Integrating Supported Education and Supported Employment for People with Mental Illness: A Pilot Study
1Abraham Rudnick, Robert C. McEwan, Luljeta Pallaveshi, Lois Wey, Wendy Lau, Lueda Alia, Lindsay Van Volkenburg
Background: Supported employment is an evidence based practice for people with mental illness, but it does not typically achieve skilled work. Such achievement may be achieved if supported employment is integrated with supported education. Objective: This exploratory study evaluated the first year of an innovative program integrating supported employment with supported college education for 37 college students with mental illness. Method: A phenomenological evaluation methodology was used. A purposive sample of 6 participating students with mental illness (schizoaffective disorder, bipolar disorder, and major depression) and 5 of their significant others, as well as 4 of their counselors from the collaborating organizations, were interviewed at 3 points in time. Thematic analysis was conducted on the qualitative data. Results: Thematic analysis of interview data indicated satisfaction with the program and other promising outcomes. Conclusion: Integrating supported postsecondary education and supported employment for individuals with mental illness is promising.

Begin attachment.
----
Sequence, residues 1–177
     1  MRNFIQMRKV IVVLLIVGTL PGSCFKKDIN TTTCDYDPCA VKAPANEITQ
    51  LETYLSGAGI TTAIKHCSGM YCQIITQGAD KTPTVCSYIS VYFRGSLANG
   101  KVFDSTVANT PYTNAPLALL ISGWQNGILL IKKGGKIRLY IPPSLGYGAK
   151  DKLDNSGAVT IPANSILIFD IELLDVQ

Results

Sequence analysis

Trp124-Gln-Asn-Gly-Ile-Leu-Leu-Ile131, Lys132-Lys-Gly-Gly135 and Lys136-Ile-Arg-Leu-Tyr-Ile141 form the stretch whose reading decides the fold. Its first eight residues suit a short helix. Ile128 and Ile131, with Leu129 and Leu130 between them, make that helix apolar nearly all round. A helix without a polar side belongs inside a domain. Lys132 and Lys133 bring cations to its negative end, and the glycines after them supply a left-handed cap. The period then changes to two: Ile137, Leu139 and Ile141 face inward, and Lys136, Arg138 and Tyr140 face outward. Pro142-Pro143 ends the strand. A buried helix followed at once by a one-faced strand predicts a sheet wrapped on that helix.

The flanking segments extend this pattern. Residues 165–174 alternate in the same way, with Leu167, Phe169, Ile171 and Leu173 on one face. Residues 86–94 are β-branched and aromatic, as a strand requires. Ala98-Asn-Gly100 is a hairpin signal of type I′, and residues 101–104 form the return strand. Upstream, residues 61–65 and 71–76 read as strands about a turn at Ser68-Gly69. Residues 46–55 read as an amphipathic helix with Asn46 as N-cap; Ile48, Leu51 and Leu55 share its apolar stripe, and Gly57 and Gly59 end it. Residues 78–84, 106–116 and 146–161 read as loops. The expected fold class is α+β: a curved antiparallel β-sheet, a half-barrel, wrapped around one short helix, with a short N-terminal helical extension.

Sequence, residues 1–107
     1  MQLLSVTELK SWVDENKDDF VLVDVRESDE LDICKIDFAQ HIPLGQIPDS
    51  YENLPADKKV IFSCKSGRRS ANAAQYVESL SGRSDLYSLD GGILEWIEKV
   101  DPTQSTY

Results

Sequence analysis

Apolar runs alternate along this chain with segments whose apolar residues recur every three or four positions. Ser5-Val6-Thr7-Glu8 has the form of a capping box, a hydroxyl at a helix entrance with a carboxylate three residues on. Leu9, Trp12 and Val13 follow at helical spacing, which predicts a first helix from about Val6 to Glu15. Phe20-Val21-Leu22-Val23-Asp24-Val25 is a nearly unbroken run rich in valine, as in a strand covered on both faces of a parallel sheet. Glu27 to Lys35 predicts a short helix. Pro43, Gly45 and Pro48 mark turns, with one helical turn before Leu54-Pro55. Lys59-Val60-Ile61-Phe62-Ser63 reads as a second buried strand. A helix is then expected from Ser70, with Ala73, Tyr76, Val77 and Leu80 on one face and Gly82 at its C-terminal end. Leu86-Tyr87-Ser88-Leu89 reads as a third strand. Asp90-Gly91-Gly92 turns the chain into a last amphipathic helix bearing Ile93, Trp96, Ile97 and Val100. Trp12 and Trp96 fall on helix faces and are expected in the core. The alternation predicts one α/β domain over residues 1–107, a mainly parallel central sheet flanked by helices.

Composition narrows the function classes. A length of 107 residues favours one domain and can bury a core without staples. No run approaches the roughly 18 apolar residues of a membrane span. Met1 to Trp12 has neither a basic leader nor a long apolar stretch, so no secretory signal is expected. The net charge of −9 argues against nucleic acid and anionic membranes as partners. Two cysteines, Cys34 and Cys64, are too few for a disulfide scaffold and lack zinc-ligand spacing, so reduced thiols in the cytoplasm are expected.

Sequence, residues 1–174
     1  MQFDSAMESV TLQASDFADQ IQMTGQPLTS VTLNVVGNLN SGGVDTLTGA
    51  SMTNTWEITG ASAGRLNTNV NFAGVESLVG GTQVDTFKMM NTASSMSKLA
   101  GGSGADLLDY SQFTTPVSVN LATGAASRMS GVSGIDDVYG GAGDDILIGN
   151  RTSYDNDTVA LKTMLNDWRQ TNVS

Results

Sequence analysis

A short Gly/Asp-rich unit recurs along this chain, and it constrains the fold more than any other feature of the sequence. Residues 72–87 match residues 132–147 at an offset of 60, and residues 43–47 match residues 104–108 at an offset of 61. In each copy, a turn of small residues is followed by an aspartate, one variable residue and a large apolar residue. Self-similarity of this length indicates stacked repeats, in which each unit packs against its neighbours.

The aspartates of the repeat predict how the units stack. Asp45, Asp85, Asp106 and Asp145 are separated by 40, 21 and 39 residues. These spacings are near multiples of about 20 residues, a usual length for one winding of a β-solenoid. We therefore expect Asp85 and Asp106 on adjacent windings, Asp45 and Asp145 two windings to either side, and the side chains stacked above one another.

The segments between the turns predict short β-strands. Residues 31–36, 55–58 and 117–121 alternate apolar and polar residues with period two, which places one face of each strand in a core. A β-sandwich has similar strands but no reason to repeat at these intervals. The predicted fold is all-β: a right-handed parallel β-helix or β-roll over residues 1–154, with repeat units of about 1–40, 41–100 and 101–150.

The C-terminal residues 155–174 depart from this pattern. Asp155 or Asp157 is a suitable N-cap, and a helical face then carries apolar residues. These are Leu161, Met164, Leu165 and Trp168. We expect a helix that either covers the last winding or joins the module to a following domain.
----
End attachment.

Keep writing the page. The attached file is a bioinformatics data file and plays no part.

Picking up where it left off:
Supported education, supported employment, mental illness